Scotland comes alive on the “Way” … a 154km (96mile) hike from Milngavie to Fort William offering an incredible variety of scenery from countryside to Loch-shores, from open moorlands to steep mountains. We’ll hike the Way in 7 days resting at the charming Inns and Guest Houses along the route & enjoying the Scottish hospitality to its fullest. Our bags will be transported from Inn to Inn allowing us to fully appreciate the Highlands and the awe-inspiring expanse of the Moors. For those who’d like to “bag” their first Munro, we’ll climb Ben Nevis, the highest mountain in the British Isles. We finally come to rest on the last 2 days at a remarkable 13th century Castle situated on the Ardnamurchan Peninsula, one of the hidden delights of the Scottish highlands.
Fly to Glasgow. Meet at our hotel in Glasgow for a kickoff celebration at 7pm.
Distance = 19km, Total Ascent = 245m
After lightening our bags for the day and doning our boots, we’ll head over to Milngavie by way of transport to begin our incredible journey. The West Highland Way begins in the town centre of Milngavie. This first section, from Milngavie to Drymen, is a good warmup with relatively flat terrain. We’ll end the day in the village of Drymen where we’ll stary in a 18th century Inn near Loch Lomond.
Distance = 22.5km, Total Ascent = 540m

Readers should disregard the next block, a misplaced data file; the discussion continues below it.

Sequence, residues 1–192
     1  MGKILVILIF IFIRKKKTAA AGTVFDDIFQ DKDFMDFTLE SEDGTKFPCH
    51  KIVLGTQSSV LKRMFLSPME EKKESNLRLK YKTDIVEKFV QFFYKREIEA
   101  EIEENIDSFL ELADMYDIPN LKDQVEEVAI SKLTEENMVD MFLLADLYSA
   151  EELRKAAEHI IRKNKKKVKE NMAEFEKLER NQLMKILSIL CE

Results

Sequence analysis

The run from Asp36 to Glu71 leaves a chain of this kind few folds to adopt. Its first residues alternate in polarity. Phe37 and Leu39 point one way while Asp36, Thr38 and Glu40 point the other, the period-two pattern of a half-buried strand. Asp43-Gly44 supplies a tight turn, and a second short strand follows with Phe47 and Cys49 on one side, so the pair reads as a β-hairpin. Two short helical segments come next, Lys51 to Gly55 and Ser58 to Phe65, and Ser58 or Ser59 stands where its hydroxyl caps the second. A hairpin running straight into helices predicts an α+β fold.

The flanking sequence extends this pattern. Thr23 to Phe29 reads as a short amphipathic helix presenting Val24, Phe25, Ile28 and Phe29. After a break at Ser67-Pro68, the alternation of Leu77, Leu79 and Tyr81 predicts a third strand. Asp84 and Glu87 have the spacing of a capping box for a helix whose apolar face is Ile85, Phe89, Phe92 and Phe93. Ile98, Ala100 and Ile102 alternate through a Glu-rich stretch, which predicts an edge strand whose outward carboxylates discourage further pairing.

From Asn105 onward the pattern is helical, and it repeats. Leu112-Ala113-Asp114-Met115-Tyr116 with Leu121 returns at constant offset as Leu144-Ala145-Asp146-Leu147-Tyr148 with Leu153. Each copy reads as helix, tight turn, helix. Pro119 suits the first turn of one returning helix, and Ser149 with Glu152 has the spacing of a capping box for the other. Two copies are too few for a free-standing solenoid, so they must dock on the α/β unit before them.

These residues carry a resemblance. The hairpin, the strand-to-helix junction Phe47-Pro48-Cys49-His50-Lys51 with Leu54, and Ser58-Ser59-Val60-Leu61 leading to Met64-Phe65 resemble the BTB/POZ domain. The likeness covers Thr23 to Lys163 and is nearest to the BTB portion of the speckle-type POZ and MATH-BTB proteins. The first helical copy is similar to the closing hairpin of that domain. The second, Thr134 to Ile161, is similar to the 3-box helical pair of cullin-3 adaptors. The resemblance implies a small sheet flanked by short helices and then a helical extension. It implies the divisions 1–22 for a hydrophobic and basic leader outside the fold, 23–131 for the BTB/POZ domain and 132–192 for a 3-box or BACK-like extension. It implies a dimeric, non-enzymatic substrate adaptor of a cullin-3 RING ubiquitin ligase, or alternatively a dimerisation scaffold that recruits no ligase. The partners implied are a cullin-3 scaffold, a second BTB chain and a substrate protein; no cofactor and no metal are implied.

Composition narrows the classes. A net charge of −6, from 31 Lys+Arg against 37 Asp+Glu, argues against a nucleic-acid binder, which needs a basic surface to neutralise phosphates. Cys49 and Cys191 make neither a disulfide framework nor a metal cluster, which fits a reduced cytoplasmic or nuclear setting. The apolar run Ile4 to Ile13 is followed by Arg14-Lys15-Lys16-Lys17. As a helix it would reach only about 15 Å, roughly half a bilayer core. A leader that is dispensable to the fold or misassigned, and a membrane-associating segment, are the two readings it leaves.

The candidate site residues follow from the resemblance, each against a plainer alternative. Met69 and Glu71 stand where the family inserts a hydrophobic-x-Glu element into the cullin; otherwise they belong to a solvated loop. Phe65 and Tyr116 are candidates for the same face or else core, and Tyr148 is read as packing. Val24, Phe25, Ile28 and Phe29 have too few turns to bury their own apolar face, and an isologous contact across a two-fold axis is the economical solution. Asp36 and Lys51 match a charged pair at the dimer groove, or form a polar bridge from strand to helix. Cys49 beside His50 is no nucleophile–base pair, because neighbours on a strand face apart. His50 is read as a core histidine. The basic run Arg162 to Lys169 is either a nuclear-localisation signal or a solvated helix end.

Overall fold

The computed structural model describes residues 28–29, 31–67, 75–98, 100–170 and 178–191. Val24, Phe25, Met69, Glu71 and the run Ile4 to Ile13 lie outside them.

Today is another relatively flat day except for the “mildly strenuous section” up Conic Hill where a wonderful panorama awaits. From this summit you’ll view the “highland boundary fault” , a unmistakable chain of islands separating the Lowlands from the Highlands. From this point on, you can officially say you’re in the HIGHLANDS of Scotland. We’ll descend into the tiny village of Balmaha and carry along the shores of Loch Lomond through an ancient oak woodland before coming to our resting point in the hamlet of Rowardennan. Our hotel is situated at the base of Ben Lomond on the bonnie banks of Loch Lomond in the magnificent Queen Elizabeth Forest. You can’t get more Scottish than this.
Distance = 22.5km, Total Ascent = 410m
Today we’ll head north into the more remote section of Loch Lomond where the wilderness and the soaring mountains will really become noticeable. After the Inversnaid Falls and the town itself, the route becomes more challenging as the path twists and turns around large boulders and tree roots. On arrival at Inverarnan, we’ll head to the country pub to raise a glass and drink a few at the renowned Drovers Inn where “real good Scottish hospitality awaits”.
Distance = 30.3km (19.3km + 11km), Total Ascent = 490m
A day of soaring mountains and gentle glen walking, today is long but rewarding. Following the attractive River Falloch, we’ll skirt past the village of Crianlarich to join an old military road into the town of Tyndrum. We’ll continue our route into the hamlet of Bridge of Orchy with lovely views of Beinn Odhar and Beinn Dorain accompanying us all the way. This section of the hike can be done by foot or, for those who desire, by taxi. The path and tracks are straightforward but being our longest day, some may wish to do the last 11km from Tyndrum to Bridge of Orchy by transport. This is totally optional. We’ll unwind in the bar “alongside a roaring fireplace and a prime selection of craft beers and malt whiskies.”
Distance = 19km. Total Ascent = 202m